From Fresh Air, WHYY, NPR:
“I hear [stories] thousands of miles apart, in various states, and to me — to an untrained medical professional — they sound alarmingly similar,” he says. “But when we go to federal or state health officials, or drilling officials, or any officials, and ask ‘How common these are?’ … Nobody really knows. Nobody has systemically tracked how many health complaints there are, whether the complaints are similar, whether they can be tied to any specific chemical exposure or any environmental cause. It makes it very difficult beyond an anecdotal answer to get a handle on how widespread a problem this might be.
Part of the problem, writes Lustgarten, is that “the drilling companies have complicated efforts to gather pollution data and to understand the root of health complaints.”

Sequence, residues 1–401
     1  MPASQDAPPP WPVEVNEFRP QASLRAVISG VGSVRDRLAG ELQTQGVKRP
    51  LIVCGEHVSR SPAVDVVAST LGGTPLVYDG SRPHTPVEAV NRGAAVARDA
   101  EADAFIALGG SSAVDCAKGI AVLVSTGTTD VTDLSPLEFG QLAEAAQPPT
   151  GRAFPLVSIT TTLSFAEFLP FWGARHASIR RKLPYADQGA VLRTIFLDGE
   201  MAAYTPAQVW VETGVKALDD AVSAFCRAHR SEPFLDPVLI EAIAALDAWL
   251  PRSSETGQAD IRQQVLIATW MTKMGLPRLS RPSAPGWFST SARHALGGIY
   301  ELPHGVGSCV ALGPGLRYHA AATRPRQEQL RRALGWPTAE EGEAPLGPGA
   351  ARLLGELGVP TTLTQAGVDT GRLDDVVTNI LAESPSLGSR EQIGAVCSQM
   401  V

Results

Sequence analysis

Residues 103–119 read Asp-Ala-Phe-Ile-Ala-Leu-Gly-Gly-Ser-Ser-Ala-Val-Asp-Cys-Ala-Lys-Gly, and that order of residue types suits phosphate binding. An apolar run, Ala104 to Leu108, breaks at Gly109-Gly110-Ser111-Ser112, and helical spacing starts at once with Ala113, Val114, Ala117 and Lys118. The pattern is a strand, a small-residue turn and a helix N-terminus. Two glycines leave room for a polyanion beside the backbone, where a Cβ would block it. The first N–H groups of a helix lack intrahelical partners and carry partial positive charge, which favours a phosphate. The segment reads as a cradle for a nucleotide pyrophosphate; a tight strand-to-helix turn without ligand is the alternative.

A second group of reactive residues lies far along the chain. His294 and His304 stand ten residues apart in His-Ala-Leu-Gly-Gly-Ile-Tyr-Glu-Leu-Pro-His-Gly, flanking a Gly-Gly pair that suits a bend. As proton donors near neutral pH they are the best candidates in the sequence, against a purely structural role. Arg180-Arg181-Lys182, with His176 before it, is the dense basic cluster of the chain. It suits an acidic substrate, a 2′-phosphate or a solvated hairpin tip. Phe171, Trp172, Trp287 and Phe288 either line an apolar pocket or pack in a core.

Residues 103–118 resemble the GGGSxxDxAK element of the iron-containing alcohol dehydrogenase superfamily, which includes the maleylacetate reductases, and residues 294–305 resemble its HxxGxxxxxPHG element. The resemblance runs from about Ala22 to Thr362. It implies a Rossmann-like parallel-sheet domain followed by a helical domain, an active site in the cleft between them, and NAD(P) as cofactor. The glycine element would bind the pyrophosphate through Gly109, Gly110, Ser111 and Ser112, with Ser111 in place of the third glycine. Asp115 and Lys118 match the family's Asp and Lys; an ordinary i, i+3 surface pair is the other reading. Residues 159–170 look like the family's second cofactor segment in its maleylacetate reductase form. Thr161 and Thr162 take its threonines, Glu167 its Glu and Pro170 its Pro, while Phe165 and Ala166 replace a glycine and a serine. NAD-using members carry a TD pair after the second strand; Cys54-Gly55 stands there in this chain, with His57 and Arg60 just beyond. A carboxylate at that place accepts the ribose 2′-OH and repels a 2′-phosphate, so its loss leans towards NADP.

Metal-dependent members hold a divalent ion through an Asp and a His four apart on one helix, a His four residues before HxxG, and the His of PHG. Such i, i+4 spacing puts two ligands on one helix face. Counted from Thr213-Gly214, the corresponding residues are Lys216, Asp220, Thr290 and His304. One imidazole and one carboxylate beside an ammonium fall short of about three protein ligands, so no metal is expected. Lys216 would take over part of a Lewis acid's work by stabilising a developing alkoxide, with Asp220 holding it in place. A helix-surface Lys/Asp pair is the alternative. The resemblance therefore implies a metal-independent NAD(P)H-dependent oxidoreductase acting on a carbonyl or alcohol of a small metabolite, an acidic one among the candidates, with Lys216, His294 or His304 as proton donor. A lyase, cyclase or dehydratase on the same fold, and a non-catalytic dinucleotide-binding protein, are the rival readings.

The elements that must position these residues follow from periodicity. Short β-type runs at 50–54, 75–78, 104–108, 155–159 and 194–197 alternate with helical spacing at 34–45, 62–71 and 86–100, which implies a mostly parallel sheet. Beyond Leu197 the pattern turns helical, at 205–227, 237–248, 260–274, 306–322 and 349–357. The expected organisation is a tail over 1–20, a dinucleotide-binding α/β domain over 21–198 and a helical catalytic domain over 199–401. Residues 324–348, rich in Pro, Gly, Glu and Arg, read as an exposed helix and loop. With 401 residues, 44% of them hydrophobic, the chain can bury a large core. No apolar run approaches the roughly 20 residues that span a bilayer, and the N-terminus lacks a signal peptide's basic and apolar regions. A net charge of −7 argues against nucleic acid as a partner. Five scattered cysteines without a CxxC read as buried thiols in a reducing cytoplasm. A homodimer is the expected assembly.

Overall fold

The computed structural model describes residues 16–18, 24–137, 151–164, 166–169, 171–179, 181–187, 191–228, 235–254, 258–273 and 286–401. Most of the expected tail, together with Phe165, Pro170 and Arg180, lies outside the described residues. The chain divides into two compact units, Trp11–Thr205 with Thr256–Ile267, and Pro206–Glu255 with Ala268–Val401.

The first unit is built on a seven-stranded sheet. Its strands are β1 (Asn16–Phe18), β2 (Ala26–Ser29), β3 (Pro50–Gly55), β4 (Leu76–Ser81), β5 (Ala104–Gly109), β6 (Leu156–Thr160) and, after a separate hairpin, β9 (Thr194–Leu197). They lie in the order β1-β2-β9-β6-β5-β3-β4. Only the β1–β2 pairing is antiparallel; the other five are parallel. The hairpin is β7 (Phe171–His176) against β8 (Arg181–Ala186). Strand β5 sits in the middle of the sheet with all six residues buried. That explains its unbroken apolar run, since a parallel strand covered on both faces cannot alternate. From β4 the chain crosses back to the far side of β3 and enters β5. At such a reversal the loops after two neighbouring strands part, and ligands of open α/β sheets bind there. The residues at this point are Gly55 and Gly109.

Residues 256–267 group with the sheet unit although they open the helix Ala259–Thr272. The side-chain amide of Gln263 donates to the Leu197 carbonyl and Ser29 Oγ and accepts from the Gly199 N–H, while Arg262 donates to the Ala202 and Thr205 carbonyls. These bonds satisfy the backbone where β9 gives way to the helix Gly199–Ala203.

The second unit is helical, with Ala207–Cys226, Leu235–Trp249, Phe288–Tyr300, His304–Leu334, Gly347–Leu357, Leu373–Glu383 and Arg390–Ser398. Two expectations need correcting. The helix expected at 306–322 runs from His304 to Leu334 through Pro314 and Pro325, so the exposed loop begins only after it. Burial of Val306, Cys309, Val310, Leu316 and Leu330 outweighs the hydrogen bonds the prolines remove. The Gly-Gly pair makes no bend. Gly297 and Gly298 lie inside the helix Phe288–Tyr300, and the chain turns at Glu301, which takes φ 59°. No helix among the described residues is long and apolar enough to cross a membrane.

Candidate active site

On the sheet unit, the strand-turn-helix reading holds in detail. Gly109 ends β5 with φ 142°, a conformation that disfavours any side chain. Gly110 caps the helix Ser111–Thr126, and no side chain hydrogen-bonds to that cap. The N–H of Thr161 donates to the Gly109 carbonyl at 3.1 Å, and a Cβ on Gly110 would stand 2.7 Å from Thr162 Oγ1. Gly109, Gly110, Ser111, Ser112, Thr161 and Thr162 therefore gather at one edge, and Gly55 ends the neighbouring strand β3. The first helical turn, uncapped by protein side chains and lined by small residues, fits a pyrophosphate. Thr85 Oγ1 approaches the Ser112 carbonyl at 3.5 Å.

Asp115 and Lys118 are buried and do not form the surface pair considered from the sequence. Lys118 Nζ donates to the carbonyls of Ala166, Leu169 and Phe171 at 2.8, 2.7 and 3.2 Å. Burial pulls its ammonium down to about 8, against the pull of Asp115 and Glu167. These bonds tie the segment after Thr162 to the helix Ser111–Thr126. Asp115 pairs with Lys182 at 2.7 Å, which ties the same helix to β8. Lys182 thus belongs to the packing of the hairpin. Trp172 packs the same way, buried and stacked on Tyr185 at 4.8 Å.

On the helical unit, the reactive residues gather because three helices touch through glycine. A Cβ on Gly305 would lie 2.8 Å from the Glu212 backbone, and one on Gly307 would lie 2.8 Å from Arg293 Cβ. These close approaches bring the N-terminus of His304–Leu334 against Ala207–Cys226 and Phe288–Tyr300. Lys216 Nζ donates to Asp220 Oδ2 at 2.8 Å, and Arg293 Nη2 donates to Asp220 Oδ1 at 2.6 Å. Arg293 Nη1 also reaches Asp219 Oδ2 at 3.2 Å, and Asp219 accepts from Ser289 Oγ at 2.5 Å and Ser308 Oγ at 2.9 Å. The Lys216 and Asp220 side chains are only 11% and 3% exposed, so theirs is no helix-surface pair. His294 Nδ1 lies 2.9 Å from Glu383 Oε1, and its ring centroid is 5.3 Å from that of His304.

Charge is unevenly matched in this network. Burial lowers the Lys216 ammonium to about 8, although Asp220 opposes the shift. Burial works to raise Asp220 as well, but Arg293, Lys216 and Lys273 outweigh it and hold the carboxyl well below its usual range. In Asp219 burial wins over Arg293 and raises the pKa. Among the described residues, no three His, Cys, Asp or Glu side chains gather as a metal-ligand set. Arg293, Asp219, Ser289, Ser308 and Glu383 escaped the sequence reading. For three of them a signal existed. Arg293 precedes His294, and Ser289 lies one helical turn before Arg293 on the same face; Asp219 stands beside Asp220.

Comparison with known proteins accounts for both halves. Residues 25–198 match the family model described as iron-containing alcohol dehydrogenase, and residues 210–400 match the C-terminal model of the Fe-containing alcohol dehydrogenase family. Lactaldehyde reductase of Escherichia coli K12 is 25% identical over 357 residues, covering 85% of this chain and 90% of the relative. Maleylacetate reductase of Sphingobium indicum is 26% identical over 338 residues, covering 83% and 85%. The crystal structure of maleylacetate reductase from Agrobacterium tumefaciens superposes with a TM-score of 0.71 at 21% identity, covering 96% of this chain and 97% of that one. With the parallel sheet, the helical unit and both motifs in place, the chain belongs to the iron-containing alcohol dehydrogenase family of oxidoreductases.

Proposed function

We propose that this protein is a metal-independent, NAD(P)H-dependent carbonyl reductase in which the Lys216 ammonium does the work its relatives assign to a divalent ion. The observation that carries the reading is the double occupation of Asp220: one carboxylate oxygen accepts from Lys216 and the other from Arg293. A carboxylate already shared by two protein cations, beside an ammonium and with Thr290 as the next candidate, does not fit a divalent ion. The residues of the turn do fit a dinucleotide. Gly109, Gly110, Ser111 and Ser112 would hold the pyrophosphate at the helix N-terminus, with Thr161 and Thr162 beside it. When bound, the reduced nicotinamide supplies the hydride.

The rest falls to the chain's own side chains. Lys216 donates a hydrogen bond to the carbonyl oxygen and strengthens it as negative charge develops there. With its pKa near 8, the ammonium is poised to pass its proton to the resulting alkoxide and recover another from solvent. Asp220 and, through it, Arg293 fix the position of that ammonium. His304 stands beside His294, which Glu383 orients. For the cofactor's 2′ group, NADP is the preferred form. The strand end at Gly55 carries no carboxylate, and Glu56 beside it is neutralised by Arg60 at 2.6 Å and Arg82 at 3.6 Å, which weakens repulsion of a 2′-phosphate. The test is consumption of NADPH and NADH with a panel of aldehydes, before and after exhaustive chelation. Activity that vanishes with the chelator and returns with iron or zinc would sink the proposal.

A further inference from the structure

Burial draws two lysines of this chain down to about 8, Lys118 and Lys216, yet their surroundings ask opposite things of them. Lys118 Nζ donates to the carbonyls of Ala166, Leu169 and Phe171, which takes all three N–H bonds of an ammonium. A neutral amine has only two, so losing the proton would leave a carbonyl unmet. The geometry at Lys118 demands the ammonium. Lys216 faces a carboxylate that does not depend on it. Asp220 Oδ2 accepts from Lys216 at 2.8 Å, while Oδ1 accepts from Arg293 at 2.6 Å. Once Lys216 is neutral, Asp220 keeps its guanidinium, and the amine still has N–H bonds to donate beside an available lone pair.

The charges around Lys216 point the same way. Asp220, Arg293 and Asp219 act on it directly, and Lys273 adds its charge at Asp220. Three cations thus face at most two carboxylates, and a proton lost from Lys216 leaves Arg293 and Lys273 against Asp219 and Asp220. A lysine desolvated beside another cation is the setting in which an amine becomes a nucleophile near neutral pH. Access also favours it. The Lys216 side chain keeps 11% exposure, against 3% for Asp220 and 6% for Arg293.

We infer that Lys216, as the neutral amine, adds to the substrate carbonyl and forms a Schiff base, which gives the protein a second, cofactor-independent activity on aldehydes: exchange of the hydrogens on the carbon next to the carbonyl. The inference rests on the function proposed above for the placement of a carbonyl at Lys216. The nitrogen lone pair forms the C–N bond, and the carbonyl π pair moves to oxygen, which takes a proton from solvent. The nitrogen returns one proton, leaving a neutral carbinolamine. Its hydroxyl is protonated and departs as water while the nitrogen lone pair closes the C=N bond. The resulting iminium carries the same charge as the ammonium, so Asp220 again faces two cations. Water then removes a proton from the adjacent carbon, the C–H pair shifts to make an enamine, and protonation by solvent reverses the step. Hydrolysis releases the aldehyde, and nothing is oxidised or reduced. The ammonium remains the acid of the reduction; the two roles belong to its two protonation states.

“The Clean Air Act requires reporting of emissions so that the government can collect the [toxic emissions] data from facilities of a certain size,” he says. “The oil and gas facilities often fall under that threshold and an exemption allows them not to be aggregated or counted together. Because these facilities are small, there is no obligation to report to federal authorities what pollutants might be emitted from those facilities … which means there’s no information to paint a bigger picture of what communities are dealing with.”